And, of course, eat your cereal out of bowls with iconic city bridges:

A bowl from the Bridge & Tunnel collection (photo by Kate Hinds)

But you might still want to get back to basics and drink your morning caffeine out of a bike mug.

Taliah Lempert-designed bicycle mug (photo by Kate Hinds)

But don't hoist the mug while wearing your Kate Spade taxi mittens (spotted at the Flatiron District Kate Spade store.)

Kate Spade window display (photo by Kate Hinds)

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TN MOVING STORIES: Troy KO's Transit Center, Palo Alto Opposes California Bullet Train, and Beijing Airport Will Soon Be World's Busiest

Tuesday, December 20, 2011

Top stories on TN:
Sweating Bullets: Body Scanners Can See Perspiration as a Potential Weapon (Link)
Real Time Train Arrival Info Coming to LIRR (Link)
NY Senator Schumer: Transit Tax Benefits Dying in End-of-Year Congressional Frenzy (Link)
Where Astronauts Do Their Christmas Shopping (Link)
The Ten Worst Holiday Bottlenecks in the New York Area (Link)
Straphangers Campaign Top-10 Worst (And Best) NYC Transit Moments of 2011 (Link)

Beijing Capital Airport (photo by John K via Flickr)

Troy turns down a regional transit center, passing on federal funds to build it. (Detroit News)

Who will be the next head of the FAA? Guesses abound. (Politico)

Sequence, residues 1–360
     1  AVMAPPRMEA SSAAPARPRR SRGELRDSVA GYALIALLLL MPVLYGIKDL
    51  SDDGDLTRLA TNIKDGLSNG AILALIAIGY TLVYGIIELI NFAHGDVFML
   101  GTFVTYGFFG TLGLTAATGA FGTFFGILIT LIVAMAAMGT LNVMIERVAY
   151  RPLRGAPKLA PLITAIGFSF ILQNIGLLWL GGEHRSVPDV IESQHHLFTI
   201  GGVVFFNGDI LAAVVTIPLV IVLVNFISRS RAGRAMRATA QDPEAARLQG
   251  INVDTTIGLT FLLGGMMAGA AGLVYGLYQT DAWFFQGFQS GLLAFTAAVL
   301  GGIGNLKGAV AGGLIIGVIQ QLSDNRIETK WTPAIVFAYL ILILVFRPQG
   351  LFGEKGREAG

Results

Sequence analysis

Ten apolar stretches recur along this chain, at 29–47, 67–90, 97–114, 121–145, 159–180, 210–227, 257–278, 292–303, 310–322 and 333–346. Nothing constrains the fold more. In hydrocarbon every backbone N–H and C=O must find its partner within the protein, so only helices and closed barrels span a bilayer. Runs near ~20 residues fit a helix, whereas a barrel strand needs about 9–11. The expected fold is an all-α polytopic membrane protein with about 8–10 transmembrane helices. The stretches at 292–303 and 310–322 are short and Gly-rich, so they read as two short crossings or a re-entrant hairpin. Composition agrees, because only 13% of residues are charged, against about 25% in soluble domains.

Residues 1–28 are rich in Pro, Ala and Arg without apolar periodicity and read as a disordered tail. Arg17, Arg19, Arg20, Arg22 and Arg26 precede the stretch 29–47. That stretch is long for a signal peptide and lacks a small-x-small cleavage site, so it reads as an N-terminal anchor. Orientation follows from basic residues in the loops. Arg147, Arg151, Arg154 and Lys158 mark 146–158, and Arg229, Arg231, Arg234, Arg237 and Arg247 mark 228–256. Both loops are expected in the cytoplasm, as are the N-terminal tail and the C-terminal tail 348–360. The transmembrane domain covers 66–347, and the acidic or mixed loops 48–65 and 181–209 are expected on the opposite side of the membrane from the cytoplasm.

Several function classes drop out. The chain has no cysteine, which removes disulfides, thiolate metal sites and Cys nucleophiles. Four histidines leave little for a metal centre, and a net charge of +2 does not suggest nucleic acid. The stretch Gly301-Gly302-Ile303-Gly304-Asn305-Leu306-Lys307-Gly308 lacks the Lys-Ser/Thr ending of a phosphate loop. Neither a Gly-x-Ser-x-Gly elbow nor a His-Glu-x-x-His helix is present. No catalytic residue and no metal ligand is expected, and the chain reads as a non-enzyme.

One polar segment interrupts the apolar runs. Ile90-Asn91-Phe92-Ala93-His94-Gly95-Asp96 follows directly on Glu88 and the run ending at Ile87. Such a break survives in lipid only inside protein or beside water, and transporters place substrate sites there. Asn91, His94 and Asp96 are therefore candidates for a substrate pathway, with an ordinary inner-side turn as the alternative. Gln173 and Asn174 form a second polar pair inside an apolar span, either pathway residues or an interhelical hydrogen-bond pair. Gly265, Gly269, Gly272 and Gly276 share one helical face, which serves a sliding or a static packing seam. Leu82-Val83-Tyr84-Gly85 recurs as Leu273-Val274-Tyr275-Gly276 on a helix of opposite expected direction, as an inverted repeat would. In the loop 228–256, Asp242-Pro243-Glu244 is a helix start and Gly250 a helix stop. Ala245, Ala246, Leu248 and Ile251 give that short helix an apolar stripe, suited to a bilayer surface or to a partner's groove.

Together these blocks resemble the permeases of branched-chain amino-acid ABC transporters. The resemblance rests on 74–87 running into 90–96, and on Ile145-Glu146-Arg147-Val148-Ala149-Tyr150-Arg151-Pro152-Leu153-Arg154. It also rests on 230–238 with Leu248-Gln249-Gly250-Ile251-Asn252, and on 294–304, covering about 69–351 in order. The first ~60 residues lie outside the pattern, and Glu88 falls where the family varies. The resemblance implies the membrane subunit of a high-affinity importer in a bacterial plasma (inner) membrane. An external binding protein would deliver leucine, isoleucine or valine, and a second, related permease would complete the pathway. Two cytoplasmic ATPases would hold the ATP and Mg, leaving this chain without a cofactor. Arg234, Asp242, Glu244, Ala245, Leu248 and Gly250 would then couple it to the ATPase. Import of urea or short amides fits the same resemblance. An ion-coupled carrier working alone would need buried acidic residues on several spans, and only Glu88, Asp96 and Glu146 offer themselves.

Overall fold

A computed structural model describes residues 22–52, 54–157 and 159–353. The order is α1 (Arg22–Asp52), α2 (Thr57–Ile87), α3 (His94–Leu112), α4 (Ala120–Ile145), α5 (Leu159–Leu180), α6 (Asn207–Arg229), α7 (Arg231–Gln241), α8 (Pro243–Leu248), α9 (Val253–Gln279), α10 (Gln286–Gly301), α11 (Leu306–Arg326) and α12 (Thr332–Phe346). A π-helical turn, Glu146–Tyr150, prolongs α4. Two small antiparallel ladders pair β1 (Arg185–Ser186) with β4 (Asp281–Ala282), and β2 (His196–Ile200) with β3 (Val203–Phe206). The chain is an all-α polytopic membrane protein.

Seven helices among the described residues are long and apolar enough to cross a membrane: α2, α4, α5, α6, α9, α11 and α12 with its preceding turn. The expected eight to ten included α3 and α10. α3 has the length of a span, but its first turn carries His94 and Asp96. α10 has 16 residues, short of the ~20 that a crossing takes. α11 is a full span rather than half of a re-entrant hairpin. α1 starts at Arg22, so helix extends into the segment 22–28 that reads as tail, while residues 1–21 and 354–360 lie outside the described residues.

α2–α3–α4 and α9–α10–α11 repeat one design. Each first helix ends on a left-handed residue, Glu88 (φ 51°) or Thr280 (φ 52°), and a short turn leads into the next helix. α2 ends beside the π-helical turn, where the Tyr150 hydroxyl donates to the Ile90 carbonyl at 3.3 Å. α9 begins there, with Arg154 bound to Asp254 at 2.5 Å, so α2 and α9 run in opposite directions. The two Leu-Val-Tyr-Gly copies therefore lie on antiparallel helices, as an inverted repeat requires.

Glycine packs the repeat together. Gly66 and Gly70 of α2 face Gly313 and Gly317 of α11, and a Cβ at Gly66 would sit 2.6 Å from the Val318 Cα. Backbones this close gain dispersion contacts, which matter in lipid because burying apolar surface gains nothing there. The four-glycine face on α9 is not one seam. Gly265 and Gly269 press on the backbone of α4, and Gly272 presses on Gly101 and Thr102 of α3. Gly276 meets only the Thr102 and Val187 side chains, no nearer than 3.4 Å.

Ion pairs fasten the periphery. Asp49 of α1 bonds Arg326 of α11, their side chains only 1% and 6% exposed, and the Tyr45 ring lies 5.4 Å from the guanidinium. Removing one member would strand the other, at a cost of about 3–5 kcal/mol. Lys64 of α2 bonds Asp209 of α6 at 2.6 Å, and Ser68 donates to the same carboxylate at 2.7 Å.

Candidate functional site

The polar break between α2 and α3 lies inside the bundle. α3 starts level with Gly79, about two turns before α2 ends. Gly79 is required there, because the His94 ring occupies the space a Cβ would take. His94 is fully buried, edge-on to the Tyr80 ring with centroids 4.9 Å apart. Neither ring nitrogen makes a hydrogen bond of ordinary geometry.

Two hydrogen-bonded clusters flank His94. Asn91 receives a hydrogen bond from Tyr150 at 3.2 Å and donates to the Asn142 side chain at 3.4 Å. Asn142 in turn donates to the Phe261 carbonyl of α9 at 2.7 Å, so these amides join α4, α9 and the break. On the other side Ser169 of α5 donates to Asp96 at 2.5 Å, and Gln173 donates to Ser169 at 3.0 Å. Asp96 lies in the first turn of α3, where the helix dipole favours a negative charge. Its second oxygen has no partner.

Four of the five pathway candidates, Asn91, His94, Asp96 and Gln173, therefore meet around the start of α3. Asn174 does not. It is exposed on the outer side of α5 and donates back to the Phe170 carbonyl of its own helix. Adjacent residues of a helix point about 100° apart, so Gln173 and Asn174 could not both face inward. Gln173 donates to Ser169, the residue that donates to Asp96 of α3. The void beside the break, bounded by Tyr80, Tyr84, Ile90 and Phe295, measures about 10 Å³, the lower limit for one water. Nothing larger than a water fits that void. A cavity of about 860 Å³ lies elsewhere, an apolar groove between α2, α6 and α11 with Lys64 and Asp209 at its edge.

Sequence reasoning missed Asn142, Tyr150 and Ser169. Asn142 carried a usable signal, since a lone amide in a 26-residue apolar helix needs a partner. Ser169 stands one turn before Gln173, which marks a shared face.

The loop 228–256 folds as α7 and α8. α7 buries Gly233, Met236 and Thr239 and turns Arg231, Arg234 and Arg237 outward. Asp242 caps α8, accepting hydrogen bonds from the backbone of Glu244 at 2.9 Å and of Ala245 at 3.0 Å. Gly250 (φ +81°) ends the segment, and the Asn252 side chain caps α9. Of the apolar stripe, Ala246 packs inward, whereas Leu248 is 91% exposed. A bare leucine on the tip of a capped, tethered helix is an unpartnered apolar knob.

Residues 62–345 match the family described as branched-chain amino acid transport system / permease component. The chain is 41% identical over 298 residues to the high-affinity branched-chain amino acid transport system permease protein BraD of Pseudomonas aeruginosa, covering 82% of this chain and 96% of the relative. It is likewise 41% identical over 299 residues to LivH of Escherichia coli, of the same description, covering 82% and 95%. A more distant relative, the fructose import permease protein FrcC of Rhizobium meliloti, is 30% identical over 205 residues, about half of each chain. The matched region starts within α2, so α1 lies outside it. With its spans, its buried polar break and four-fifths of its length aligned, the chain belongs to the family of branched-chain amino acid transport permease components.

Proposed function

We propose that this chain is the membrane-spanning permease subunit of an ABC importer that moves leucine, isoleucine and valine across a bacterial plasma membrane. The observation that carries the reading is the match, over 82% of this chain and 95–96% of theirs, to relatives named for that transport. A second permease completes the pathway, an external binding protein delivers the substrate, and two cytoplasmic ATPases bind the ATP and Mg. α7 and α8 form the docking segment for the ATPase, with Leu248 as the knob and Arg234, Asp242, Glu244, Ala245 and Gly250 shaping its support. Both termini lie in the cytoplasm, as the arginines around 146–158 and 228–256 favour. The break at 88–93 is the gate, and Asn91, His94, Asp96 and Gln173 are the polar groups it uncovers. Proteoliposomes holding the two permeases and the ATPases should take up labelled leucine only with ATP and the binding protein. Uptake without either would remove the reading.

A report by the New York MTA's Inspector General takes the agency to task for mistakes during the 2010 blizzard -- but says it's better prepared for a storm now. (New York Daily News)

Beijing Capital Airport will soon be the world's busiest airport -- and China is preparing for the coming passenger influx by building airports built big and well-staffed. (Marketplace)

The Maryland Transit Administration says it has to raise Baltimore-area transit fares by 40 percent jump in order to meet state revenue goals without cutting service. (Baltimore Sun)

Virginia's governor wants to shuffle millions of dollars from public schools and health care to his top priorities of pension reform, higher education and transportation. (Washington Post)

The city of Palo Alto formally opposes California's high-speed rail project. (Mercury News)